Breaking Bad Habits

Running - Courtesy of Sean Venn

Running – Courtesy of Sean Venn

We’ve all got bad habits.  I love cookies.  I especially love freshly baked chocolate chip cookies (keep this in mind everyone, I can be bribed with these).  I’m also one of those people that has to keep moving.  No matter what, I’m always moving.  Whether I’m tapping my foot or clicking a pen, I’m always doing something.  It’s a habit and it tends to annoy the hell out of the people around me.  The point is, we all develop habits, good and bad, over the course of our lives.  When we get to the point where we are trying to get back into shape, eat better, or rehabilitate our finances, we struggle and fail.  It’s why gym’s always have their promotions in December and January; they want to take advantage of your bad habits and get a paying member that they don’t actually have to cater to.

We’ve all built these habits up over the years.  The question here is how do we break them down and get rid of them.  A few years ago, I had a track coach that taught me a few things about habits.  In track you are always trying to build new, good habits.  You want to be able to pass the baton as if it’s an extension of your body.  You want to be able to keep your foot in just the right position, move your arm a certain way, react just right out of the blocks.  It’s all about perfecting these tiny, unseen movements over thousands of hours of practice that get you to become an elite athlete (aka, not me).  So when you’re teaching a habit, there are a few steps along the way before you know it without knowing it, you know?

1.  Unconscious Incompetence: You don’t even realize you suck.  This is what happens when you’re living paycheck to paycheck, leasing that BMW 3 series and partying every night (the $30K Millionaire style) and wondering why you’re broke.  You’ve never had a moment of self reflection about your finances and you have no idea what a budget is.  You think it might be French and pronounced boo-shjay.

2.  Conscious Incompetence:  You’ve figured it out.  You know you’re bad with money.  You think it has something to do with spending more than you earn but you’re testing out some general theories on the matter.  In general, you don’t know what to do, so you start reading some good finance blogs and reading some books.  You’re still screwing up but at least you know it.

3.  Conscious Competence: With your budget in hand, a vanguard account and IRA rolling every month, you’re maxing out your 401k and doing everything right.  But, you’ve still gotta watch your budget.  You can still be impulsive and sometimes you just plain don’t think when you buy more expensive items. At this level, you’re doing most things right but they just aren’t second nature to you.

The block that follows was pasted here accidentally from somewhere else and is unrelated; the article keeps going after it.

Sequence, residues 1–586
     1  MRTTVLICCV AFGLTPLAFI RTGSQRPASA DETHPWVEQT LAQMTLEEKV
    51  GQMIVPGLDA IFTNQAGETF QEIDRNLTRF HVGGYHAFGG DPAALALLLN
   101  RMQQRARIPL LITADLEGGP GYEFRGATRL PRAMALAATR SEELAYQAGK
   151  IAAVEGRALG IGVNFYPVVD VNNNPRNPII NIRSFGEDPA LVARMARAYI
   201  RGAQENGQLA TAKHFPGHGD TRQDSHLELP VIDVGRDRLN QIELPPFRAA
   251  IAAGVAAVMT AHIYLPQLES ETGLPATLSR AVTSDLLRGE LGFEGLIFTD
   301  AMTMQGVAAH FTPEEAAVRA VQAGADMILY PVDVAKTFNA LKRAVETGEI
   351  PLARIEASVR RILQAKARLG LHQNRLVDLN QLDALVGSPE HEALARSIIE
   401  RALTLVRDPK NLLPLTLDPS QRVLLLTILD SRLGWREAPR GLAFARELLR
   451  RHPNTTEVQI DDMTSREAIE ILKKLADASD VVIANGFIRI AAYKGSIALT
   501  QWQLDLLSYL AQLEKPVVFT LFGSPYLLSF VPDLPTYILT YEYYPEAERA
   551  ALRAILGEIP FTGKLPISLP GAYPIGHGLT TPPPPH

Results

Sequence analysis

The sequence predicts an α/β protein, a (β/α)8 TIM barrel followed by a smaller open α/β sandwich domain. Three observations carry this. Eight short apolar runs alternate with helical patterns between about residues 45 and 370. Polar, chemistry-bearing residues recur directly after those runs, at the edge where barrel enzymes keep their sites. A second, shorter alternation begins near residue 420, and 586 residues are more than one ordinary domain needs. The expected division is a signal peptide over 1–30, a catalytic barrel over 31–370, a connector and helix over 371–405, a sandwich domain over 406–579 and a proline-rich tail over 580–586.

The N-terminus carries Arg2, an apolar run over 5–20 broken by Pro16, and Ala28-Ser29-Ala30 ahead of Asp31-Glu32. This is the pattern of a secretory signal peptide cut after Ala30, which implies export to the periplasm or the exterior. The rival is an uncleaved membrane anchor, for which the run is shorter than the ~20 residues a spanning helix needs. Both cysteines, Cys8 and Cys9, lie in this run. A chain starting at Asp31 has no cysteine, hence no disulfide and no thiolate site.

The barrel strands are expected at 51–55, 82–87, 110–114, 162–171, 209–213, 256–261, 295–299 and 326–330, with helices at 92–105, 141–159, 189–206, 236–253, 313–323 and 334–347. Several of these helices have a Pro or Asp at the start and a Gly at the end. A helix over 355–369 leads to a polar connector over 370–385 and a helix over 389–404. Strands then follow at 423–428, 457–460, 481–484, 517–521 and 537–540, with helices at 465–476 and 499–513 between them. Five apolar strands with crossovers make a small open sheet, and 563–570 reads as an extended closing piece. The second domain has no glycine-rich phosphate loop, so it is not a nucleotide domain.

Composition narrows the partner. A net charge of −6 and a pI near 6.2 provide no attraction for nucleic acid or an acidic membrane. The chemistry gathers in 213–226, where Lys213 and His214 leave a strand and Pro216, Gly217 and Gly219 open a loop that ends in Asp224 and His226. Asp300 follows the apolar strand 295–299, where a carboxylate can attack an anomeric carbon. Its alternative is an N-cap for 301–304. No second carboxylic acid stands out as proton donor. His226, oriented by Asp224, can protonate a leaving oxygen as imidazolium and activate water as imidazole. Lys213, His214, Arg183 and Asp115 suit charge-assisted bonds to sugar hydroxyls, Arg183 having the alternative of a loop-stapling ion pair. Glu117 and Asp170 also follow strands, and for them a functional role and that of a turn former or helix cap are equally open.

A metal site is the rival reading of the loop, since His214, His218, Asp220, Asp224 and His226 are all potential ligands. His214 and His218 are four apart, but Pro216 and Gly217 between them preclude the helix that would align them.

4.  Unconscious Competence:  It’s all second nature. You’ve been budgeting and saving and thrifting for so long, you don’t know what else to do.  Everything is just automatic.

Now, these four levels apply to all aspects of life.  Want to run a marathon?  We’ll, you’re going to need to get in the habit of running a lot.  How long will it take before you actually go running everyday without your mind saying no way?  According to this study, it should take you about 66 days.  That means repetition every day, or else you’ll lose it.

So how can we apply this to our daily lives?  If you’re here, then I’m going to guess you’re at least at number 2 above.  To start with, make a budget!  Stick to it.  Plan your groceries out before you go and buy them and keep an eye on your account.  Don’t have one?  Start one!  Check it every day.  Keep your spending in control.  If you want to buy something big, expensive, wait two weeks.  Wait a month.  If you really want it, figure out how to get it without using credit or busting your budget.

In reality, these are all little things.  But each one of them adds up.  Most people don’t realize how much they spend going out to eat or drink.  Looking back at my mint account when I was more of a paycheck to paycheck guy, there were some months where I spent $500 going out to eat and $500 at the bars.  And I didn’t have that much money to spend each month!  But I just looked at it and moved on.  I didn’t recognize what was actually happening.  Now that I watch my budget and spending each day, each week, I’m on a much better path.

Each of these habits will take you a while to form.  Just recognizing that you need to form them will be difficult in itself, let alone the actual habit.  But with time, you can get to a point where you have good financial habits and are fixing the mistakes of your past.  It’s easy!  Just do something small, everyday and eventually, you won’t even notice that you do it.


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